For example, Australian researchers who recently analysed wastewater from a flight found COVID-19 in the sewage, but subsequent nasal swabs of passengers returned no positive results.
So this kind of testing is best used as an early-warning system to identify emerging outbreaks and help inform decisions about restrictions.
The CSIRO, which is leading research in this area, says sewage testing even has the potential to give results on a suburb-by-suburb scale.
Surveillance from above
If you don’t want to think too much about the sewers, turn your eyes to the sky: ‘pandemic drones’ might also join the fight in the future — although in this case, there are quite a few obstacles still to overcome.
Researchers at the University of South Australia are developing software so drones can monitor temperature, heart and respiratory rates as well as detect people sneezing and coughing.
It’s not easy work and many of the public aren’t particularly comfortable with the idea, says team leader Professor Javaan Chahl.
“It’s pretty hard to develop this kind of signal processing. The major issue is continuous movement … and changes in light levels.
“We’ve had a team of six people working five days a week for a couple of months to get it working.”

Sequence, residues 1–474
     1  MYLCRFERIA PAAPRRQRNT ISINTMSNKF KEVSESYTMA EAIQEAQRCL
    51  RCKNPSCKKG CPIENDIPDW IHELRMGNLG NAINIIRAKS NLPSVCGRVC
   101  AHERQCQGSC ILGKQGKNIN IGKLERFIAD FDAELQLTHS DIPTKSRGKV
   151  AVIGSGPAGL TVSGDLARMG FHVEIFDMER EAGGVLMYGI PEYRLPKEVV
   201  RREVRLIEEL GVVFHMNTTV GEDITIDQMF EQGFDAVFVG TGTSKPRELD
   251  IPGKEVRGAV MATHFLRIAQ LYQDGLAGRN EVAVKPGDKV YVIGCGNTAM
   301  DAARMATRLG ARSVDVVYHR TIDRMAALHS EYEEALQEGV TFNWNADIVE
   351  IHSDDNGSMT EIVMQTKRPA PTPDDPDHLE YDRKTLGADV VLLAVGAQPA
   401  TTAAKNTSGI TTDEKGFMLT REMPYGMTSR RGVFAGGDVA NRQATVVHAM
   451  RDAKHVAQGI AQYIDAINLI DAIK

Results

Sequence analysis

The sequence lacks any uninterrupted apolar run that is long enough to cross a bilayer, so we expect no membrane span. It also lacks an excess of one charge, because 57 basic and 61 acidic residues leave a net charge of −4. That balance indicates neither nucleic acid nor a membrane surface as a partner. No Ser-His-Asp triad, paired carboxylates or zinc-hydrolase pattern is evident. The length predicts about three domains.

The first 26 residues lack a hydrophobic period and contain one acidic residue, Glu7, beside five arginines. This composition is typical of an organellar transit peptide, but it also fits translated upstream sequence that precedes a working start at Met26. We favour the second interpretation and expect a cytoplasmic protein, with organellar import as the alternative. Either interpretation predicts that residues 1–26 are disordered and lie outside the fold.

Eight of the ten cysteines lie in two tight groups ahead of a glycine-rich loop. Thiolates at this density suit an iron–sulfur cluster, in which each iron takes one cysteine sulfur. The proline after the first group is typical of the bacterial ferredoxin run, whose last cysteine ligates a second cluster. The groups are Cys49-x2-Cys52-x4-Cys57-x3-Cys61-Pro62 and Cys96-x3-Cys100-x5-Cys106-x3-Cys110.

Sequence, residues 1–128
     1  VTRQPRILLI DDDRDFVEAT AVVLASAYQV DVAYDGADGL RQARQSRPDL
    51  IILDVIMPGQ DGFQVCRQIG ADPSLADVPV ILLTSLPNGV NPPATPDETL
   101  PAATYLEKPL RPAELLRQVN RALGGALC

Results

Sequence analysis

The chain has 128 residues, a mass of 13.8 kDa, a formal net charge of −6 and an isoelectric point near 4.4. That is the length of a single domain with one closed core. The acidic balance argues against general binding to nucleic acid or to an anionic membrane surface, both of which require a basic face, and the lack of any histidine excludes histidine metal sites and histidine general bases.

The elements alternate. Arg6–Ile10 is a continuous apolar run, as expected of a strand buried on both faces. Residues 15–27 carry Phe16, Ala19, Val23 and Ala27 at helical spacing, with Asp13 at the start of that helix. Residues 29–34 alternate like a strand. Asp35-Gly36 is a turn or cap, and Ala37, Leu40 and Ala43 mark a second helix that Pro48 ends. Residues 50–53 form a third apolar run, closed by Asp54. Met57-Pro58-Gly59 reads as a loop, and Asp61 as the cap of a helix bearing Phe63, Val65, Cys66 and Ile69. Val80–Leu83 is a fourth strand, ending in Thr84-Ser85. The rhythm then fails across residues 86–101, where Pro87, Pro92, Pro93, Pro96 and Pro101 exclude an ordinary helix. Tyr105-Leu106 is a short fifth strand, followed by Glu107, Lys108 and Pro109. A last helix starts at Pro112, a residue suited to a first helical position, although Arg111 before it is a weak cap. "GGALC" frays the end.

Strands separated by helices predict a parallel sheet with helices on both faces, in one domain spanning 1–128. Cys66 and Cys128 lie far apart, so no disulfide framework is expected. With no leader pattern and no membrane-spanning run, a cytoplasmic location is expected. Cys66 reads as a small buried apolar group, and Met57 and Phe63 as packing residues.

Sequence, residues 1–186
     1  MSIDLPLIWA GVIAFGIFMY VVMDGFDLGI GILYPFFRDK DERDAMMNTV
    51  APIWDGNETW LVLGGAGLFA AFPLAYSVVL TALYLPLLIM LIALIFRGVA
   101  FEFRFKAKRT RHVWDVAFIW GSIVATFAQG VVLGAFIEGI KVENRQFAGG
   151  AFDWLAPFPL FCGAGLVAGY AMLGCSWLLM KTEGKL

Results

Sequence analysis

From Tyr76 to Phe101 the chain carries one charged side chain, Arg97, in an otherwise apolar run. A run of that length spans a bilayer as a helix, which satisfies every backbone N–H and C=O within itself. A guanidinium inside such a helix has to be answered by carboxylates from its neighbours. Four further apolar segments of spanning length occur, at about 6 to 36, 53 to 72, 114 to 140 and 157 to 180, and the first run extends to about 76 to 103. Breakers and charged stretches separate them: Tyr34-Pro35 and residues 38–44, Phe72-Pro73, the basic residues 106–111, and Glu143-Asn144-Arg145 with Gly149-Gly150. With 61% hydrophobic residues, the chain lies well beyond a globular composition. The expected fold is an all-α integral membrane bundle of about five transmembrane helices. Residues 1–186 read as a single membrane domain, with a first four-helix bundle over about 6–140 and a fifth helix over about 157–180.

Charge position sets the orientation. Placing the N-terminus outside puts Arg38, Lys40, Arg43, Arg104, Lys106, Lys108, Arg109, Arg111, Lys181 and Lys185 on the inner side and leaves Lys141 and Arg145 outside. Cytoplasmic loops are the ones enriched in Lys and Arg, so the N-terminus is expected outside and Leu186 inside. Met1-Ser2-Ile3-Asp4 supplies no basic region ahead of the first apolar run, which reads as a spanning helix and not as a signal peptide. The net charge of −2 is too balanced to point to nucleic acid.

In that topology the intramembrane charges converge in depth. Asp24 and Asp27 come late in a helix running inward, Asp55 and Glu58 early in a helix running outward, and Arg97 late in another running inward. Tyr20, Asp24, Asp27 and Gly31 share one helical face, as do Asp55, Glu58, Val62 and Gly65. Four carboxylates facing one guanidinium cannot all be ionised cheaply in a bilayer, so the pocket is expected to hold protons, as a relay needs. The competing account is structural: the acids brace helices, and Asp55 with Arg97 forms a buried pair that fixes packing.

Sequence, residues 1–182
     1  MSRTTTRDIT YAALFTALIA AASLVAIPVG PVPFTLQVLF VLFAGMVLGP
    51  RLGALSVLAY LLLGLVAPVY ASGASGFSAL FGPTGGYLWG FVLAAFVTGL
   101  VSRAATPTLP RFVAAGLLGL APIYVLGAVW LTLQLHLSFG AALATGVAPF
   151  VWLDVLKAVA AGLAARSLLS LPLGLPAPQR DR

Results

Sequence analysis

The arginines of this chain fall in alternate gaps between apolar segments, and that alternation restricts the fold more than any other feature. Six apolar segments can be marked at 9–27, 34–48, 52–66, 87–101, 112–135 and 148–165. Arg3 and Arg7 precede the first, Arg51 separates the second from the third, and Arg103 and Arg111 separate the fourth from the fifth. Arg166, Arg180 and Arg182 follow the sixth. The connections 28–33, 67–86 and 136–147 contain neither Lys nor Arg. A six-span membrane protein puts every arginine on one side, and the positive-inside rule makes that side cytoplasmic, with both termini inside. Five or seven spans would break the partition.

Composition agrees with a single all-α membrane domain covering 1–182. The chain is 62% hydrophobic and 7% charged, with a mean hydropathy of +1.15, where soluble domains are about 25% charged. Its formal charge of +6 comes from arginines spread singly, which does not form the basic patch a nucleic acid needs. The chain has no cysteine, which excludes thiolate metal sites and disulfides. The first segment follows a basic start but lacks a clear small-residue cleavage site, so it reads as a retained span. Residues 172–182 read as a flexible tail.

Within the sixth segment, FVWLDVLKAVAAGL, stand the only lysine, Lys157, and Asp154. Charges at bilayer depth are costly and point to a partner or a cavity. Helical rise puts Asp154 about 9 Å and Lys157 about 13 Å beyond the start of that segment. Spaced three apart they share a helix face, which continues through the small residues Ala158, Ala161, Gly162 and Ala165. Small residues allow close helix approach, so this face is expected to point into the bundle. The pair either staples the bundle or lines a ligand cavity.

The plan would be to move any collected observations to a secure cloud and then have health authorities process that information.
Professor Chahl says the software isn’t trying to recognise individual people, just to spot tell-tale signs of the virus.
So could we see COVID-19 drones over our heads anytime soon?
“It’s a question of what will people tolerate. The technology is working but the ethical, legal framework for how you do it is not in place,” Professor Chahl says.
“It seems people are unhappy with the idea of deploying this … and we don’t want to be bad guys.”
The research team’s industry partner, Draganfly (a US drone tech company), is working closely with the US and Canadian Governments but Professor Chahl says not many conversations have taken place yet in Australia.
“That’s because up until a few weeks ago, when the second spike in Australia really became obvious, we didn’t have a crisis of the same scale.”
Drone monitoring is also difficult to use in conjunction with many health mandates, like lockdowns (because there is no one out in public to screen) or face masks (which make detection of symptoms difficult).
“Although we have this working, the question is what to do next with it,” says Professor Chahl.